The reality of Intent Based networking is we have a long way to go for this to be real. You MUST have accurate Resource and Service Inventories for this to work. You MUST have a network that is dynamic and programmable through the implementation of controllers and controller-of-controllers to manage the processes in order to enable the level of automation required. You MUST have automated testing capabilities, for physical and virtual components, in place that can determine if a Service is up and operating to the required specifications, or be able to roll it back if it is not. You must have a Service Catalog that enables detailed modeling of Services and the options available to meet the identified key Intents that customers can choose from, such as video, voice, Data, speed, locations, etc. These Intents are defined by the customer and then the toolset provisions all other details to meet this Intent.

You also MUST have very capable configuration management practices in place, including the ability to manage standard configuration parameters and audit the network to ensure each device meets the standard.

Reality is most, if not every, company is 3-5 years from even being close to this kind of intelligence anywhere in their network, and 5-10 years from it existing across the entirety of their network to an extent than enables full implementation of Intent Based Networking.

I believe this is the target environment everyone should be striving for, however. It is a future that includes powerful platforms that will consume the APIs of southbound systems and expose those capabilities to the top level OSS components. These platforms will provide a level of Service Orchestration to remove a lot of the complexity from the user and place it in the network. Within these platforms will be specialized Micro-Services that will interact with the network and automatically generate a Prescriptive instruction set to the network based on the Intent provided from the user.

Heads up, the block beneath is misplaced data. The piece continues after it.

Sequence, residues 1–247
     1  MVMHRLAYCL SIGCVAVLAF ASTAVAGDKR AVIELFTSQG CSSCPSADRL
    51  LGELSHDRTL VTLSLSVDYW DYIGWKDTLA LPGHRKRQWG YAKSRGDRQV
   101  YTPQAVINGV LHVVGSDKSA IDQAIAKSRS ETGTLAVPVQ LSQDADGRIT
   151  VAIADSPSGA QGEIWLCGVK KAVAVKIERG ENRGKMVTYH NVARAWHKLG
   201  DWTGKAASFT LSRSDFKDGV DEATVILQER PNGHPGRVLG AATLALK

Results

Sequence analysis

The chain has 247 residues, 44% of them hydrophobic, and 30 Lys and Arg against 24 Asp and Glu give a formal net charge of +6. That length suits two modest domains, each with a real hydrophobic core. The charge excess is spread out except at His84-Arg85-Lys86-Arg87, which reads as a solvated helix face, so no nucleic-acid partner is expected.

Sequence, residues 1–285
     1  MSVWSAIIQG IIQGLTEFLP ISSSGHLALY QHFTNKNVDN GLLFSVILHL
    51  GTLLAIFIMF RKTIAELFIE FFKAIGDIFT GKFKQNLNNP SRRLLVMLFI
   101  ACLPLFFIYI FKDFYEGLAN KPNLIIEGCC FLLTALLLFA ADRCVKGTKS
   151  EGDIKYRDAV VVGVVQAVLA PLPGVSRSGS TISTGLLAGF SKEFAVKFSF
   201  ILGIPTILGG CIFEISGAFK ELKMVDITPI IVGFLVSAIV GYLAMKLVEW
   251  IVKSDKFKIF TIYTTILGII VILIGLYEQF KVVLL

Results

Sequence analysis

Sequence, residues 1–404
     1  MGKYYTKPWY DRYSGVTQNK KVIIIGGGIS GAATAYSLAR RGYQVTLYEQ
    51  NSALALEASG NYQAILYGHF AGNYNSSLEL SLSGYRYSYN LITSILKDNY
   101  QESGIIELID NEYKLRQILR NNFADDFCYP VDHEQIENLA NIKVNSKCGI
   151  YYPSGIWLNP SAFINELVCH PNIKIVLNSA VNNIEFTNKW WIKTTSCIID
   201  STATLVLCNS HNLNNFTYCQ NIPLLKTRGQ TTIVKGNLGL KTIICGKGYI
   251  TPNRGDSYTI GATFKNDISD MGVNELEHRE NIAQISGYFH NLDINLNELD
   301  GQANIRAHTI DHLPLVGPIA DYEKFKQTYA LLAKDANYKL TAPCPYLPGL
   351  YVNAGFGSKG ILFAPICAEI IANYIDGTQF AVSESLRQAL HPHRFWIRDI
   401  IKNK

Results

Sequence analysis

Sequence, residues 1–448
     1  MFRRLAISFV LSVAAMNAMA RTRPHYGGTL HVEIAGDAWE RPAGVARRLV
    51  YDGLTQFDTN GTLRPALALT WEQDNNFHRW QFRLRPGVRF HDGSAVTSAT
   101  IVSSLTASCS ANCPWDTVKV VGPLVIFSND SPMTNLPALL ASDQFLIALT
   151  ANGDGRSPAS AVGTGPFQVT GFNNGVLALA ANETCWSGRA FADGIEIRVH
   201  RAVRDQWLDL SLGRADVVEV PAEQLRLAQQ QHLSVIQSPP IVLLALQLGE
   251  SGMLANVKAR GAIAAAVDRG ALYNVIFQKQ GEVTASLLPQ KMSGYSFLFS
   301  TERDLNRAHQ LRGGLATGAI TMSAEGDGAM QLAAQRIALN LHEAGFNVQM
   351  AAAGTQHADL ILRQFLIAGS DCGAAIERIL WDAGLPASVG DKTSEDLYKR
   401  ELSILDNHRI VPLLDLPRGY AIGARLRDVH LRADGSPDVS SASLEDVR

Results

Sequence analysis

This capability will only be possible through the API consumption mentioned above. This will allow the platform(s) to perform unique functions that cross application/device boundaries. This ability to formulate new functionality by combining capabilities of the devices and applications/systems involved is the real power of a platform-based approach to operationalization.

So, the question now might be, “just how do I get there?” I think the industry is working on the specifics of that answer now, but I truly believe that a huge part of that answer is to build on the backs of powerful platforms that can pull together the disparate components involved in the new, evolving network and provide the level of intelligence required to make this happen. We at Itential would like to think we have one of those…one of the first, actually, to focus on this specific problem. We’d love to talk to you about it…

To learn more about Intent Based Networking, here are a few links that delve into more of the details involved:

Don’t Tell Me What To Do (Tell Me What You Want)

OpenDaylight and Intent Based Networking

IETF: Intent Based Network Modeling Language (IB-NEMO)

NeMO Project

Patrick Moore

Patrick Moore currently serves as the Director of Network Automation Strategy at Itential where he has responsibility for managing the delivery of services to implement network automation for clients leveraging both Itential products and custom developed solutions.